Square Peg In A Round Hole: Government Contractor Battlefield Tort Liability And The Political Question Doctrine, Chris Jenks Jan 2010

Square Peg In A Round Hole: Government Contractor Battlefield Tort Liability And The Political Question Doctrine, Chris Jenks

Faculty Scholarship

Recent assertions of the political question doctrine by battlefield contractor defendants in tort litigation have brought new life to the doctrine while raising new questions. The lawsuits stem from incidents in both Iraq and Afghanistan and include plaintiffs ranging from local nationals suing contract interrogators and interpreters, to contract employees suing another contractor following insurgent attacks, to U.S. service members suing contractors after vehicle and airplane crashes. The lawsuits involve tort claims, which on their face do not conjure up images of a constitutional power struggle, but in at least fifteen cases thus far contractor defendants have asserted the ...


Article I, Article Iii, And The Limits Of Enumeration, Gil Seinfeld Jan 2010

Article I, Article Iii, And The Limits Of Enumeration, Gil Seinfeld

Articles

Article I, Section 8 and Article Ill, Section 2 of the U.S. Constitution deploy parallel strategies for constraining the power of the federal government. They enumerate powers that the national legislature and judiciary, respectively, are permitted to exercise and thereby implicitly prohibit these two branches of government from exercising powers not enumerated. According to conventional thinking, this strategy has failed in connection with Article I and succeeded in connection with Article III. That is, it is widely acknowledged that Congress routinely exercises powers that are difficult to square with the Article I enumeration; but it is commonly thought that ...


The Functions Of Ethical Originalism, Richard A. Primus Jan 2010

The Functions Of Ethical Originalism, Richard A. Primus

Articles

Supreme Court Justices frequently divide on questions of original meaning, and the divisions have a way of mapping what we might suspect are the Justices’ leanings about the merits of cases irrespective of originalist considerations. The same is true for law professors and other participants in constitutional discourse: people’s views of original constitutional meaning tend to align well with their (nonoriginalist) preferences for how present constitutional controversies should be resolved. To be sure, there are exceptions. Some people are better than others at suspending presentist considerations when examining historical materials, and some people are better than others at recognizing ...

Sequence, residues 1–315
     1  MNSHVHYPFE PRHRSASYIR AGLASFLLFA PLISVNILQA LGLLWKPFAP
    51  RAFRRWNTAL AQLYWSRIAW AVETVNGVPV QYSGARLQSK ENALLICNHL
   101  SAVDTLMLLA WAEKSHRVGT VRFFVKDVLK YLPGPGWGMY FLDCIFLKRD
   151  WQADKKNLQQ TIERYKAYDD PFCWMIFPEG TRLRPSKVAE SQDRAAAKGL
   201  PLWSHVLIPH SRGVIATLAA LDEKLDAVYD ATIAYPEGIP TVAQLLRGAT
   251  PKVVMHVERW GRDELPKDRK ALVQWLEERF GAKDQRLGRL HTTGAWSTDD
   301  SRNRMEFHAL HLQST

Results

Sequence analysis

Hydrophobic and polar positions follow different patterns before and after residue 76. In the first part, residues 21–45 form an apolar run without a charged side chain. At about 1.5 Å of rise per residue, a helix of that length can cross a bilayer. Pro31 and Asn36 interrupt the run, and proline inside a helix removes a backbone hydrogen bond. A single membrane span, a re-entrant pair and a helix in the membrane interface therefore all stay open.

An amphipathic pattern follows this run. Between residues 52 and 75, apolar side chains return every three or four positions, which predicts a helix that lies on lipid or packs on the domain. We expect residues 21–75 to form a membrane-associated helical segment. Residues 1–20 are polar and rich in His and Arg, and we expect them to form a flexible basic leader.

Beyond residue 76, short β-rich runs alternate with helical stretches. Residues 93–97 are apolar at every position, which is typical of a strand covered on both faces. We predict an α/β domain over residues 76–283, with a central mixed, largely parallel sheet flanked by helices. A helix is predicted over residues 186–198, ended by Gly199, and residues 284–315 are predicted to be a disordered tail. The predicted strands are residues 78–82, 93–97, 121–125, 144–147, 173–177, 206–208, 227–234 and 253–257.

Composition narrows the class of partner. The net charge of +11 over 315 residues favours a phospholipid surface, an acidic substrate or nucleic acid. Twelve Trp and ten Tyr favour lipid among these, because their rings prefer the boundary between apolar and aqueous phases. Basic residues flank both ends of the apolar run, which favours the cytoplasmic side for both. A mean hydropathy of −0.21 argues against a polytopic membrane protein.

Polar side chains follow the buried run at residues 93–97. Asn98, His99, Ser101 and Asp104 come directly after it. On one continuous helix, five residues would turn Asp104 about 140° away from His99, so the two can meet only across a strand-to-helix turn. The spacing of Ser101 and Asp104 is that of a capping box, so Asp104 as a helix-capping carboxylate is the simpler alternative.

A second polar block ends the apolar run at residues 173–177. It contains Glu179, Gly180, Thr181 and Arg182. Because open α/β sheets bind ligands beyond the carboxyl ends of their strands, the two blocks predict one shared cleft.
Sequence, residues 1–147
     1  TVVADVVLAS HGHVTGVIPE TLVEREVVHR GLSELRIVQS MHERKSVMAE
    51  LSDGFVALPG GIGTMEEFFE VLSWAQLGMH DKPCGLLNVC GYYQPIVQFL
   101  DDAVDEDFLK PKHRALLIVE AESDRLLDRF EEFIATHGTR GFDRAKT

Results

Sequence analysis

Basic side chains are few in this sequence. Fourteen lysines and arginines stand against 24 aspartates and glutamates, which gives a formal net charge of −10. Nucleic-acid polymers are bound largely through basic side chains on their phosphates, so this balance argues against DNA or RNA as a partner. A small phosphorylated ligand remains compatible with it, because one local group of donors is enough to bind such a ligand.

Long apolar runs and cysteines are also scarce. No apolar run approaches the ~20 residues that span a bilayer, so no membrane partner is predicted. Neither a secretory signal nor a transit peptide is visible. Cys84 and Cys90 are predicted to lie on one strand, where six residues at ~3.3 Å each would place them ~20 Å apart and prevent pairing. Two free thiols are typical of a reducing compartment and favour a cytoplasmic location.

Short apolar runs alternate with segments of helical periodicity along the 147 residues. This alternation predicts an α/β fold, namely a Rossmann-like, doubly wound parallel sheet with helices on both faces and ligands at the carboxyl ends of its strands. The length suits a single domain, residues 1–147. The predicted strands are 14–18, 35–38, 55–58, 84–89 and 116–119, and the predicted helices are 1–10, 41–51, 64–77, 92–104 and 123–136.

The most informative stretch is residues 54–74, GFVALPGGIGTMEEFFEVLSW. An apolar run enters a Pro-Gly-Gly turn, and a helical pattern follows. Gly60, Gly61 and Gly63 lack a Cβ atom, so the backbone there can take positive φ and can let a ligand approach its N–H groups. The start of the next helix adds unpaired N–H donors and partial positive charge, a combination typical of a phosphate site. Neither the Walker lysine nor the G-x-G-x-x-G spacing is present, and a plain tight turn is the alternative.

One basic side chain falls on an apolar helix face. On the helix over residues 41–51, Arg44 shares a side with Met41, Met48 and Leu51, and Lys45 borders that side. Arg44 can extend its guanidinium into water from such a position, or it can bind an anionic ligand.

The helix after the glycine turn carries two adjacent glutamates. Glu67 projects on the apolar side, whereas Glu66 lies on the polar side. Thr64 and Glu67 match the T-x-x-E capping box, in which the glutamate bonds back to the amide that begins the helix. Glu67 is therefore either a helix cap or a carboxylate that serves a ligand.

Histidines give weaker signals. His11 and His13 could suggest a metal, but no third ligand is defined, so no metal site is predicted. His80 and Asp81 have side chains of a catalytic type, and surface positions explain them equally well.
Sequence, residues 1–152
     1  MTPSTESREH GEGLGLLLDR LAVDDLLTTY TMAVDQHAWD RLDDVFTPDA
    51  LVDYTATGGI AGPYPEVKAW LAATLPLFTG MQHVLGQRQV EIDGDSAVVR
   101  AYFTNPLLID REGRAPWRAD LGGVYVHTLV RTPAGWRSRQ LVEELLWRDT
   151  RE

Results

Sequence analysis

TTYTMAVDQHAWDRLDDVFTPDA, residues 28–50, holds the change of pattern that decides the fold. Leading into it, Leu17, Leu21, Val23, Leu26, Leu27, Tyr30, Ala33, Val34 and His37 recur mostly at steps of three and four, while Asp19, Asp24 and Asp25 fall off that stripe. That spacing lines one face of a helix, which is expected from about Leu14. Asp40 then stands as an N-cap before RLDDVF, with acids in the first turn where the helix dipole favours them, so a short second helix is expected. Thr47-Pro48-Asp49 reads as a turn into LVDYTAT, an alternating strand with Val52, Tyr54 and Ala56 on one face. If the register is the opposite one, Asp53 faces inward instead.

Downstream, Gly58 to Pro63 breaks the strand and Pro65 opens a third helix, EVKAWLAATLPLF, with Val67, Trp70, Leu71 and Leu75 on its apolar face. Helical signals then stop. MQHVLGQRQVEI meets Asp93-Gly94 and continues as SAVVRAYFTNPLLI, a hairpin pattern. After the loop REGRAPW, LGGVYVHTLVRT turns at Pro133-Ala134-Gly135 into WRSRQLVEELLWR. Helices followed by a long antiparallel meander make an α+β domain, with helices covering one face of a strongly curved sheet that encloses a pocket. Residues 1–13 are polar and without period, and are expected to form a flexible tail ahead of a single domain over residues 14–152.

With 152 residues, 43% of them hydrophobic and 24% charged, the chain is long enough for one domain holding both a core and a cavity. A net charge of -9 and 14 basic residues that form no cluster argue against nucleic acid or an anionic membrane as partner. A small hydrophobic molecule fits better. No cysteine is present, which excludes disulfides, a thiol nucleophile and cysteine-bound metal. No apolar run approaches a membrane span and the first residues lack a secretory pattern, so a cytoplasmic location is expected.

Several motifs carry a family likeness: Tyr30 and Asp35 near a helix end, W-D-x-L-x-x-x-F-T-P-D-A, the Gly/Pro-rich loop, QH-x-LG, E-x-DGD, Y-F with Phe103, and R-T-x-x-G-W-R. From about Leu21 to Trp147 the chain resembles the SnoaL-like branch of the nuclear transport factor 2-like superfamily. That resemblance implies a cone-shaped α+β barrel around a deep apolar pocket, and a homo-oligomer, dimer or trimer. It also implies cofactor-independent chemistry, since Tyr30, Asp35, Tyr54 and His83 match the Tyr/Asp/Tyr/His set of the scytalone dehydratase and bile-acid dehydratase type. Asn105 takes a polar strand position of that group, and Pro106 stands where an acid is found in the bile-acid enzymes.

The Basic Law At 60 - Introduction To The Special Issue, Susanne Baer, Christian Boulanger, Alexander Klose, Rosemarie Will Jan 2010

The Basic Law At 60 - Introduction To The Special Issue, Susanne Baer, Christian Boulanger, Alexander Klose, Rosemarie Will

Articles

For Germany 2009 was a year of constitutional anniversaries: the first democratic constitution (Paulskirchenverfassung of 1849) was promulgated 160 years ago; the 1919 Weimar Constitution would have turned 90; and finally, the country celebrated 60 years of the Basic Law, which was proclaimed and signed in Bonn on 23 May 1949. Despite its birth in the midst of economic and political turmoil and widespread disillusion with politics, the Basic Law has come to be regarded as a "success story." As is well known, it was never meant to last - the very term "Grundgesetz" (basic law) indicated that it was intended ...


Public Consensus As Constitutional Authority, Richard A. Primus Jan 2010

Public Consensus As Constitutional Authority, Richard A. Primus

Articles

Barry Friedman's new book The Will of the People attempts to dissolve constitutional law's countermajoritariand ifficulty by showing that, in practice,t he Supreme Court does only what the public will tolerate. His account succeeds if "the countermajoritarian difficulty" refers to the threat that courts will run the country in ways that contravene majority preference, but not if the "the countermajoritarian difficulty" refers to the need to explain the legitimate sources of judicial authority in cases where decisions do contravene majority preference. Friedman's book does not pursue the second possibility, and may suggest that doing so is ...


Constitutional Expectations, Richard A. Primus Jan 2010

Constitutional Expectations, Richard A. Primus

Articles

The inauguration of Barack Obama was marred by one of the smallest constitutional crises in American history. As we all remember, the President did not quite recite his oath as it appears in the Constitution. The error bothered enough people that the White House redid the ceremony a day later, taking care to get the constitutional text exactly right. Or that, at least, is what everyone thinks happened. What actually happened is more interesting. The second time through, the President again departed from the Constitution's text. But the second time, nobody minded. Or even noticed. In that unremarked feature ...